The Medicare Prescription Drug, Improvement and Modernization Act (MMA) of 2003 changed the playing field for private plans participating in the Medicare program by substantially raising monthly payment rates in 2004 and 2005 in an effort to stabilize the market and reverse the decline in benefit generosity. In 2004, Medicare Advantage (MA) plans generally used the new funds to reduce premiums and restore brand-name drug coverage.
In 2005, the share of MA enrollees with any drug coverage rose to 74 percent (from 71 percent in 2004), and the share with brand-name drug coverage rose to 36 percent (from 33 percent in 2004) as MA plans continued to use a portion of their extra payments to enhance plan benefits. HMOs are still more likely to offer prescription drug coverage than is any other type of MA plan.
Although health maintenance organizations (HMOs) still dominate the MA market, new types of health plans-particularly private fee-for-service (PFFS) and preferred provider organization (PPO) plans-have emerged in the last few years. These plans offer beneficiaries broader access to providers than do traditional HMOs, although generally at a higher cost.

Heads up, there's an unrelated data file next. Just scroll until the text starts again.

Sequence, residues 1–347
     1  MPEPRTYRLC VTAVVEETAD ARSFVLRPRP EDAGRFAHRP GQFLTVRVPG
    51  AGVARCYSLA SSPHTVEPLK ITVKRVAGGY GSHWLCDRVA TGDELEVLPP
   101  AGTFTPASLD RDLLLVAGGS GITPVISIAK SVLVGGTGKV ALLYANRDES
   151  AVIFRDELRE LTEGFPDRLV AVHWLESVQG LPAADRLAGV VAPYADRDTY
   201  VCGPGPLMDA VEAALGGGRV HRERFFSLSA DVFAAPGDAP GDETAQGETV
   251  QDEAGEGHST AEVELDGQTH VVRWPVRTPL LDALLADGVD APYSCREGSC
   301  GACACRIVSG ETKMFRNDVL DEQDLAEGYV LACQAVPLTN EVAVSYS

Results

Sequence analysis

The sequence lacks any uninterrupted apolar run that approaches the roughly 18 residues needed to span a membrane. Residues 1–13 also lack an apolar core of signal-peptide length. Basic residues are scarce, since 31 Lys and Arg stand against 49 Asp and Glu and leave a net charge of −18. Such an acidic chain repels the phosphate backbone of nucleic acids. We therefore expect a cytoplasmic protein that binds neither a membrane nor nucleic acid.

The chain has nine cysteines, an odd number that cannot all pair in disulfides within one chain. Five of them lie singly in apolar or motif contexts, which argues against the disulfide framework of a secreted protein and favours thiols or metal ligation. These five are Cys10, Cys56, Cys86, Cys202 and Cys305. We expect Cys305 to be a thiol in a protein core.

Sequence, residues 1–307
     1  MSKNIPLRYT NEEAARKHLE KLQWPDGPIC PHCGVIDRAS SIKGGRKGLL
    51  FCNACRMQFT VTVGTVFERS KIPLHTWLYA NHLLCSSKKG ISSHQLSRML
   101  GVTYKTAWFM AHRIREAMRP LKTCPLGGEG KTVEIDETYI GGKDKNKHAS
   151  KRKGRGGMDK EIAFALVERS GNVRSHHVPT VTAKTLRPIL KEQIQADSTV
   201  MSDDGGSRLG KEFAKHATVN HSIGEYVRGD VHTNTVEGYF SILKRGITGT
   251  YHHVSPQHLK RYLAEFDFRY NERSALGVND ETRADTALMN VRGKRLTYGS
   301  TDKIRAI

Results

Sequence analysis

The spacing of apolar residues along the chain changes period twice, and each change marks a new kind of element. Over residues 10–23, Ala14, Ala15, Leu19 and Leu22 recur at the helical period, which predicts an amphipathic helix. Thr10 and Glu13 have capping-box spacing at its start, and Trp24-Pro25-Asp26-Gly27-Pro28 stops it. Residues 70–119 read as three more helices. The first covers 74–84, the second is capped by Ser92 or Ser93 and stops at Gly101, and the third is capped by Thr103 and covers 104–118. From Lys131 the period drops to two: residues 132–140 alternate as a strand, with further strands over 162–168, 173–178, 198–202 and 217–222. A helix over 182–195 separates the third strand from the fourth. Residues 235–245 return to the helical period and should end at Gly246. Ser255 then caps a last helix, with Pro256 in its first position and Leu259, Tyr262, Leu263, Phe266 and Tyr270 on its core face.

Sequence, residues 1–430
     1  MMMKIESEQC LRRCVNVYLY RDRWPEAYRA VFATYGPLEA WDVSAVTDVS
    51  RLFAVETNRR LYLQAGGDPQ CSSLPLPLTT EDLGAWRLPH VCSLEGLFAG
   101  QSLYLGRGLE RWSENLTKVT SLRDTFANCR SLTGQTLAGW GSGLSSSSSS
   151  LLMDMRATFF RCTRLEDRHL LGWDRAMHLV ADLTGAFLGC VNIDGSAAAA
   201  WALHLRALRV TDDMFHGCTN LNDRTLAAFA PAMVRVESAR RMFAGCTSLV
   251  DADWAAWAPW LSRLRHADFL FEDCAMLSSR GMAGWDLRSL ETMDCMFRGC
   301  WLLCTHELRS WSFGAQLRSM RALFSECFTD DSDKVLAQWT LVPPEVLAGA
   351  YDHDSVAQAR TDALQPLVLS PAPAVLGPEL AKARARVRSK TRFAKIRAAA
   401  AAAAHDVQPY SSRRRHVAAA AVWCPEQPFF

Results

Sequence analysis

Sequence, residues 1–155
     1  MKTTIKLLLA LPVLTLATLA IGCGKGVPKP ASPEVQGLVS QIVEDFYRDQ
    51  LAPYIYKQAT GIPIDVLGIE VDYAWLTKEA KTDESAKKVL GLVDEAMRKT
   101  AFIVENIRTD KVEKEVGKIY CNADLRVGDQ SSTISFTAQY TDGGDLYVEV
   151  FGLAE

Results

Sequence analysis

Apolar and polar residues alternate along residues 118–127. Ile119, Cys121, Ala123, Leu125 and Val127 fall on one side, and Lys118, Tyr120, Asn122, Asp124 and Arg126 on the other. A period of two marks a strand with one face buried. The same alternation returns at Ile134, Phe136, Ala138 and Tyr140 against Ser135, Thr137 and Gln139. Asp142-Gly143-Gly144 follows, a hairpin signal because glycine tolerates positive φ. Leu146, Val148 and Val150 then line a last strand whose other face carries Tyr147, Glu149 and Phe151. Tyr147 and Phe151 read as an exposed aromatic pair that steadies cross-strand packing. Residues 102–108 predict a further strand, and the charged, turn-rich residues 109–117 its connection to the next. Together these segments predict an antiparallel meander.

The findings reported in this AARP Public Policy Institute Issue Paper indicate that the Medicare Advantage program is beginning to reverse its course from the premium increases and benefit reductions that marked the period 2000 - 2003. Average monthly premiums in MA plans declined from $25 to $22 between 2004 and 2005; however, premium levels in 2005 are still substantially higher than they were in 1999. As in previous years, premiums for HMO benefit packages are typically lower than for benefit packages offered by PPO or PFFS plans. This, combined with a significant number of new MA plan entries into the program over the past two years, indicates that the 2004 and 2005 MA plan payment increases have accomplished the goal of providing much-needed stability to MA markets, at least in the short term. (43 pages)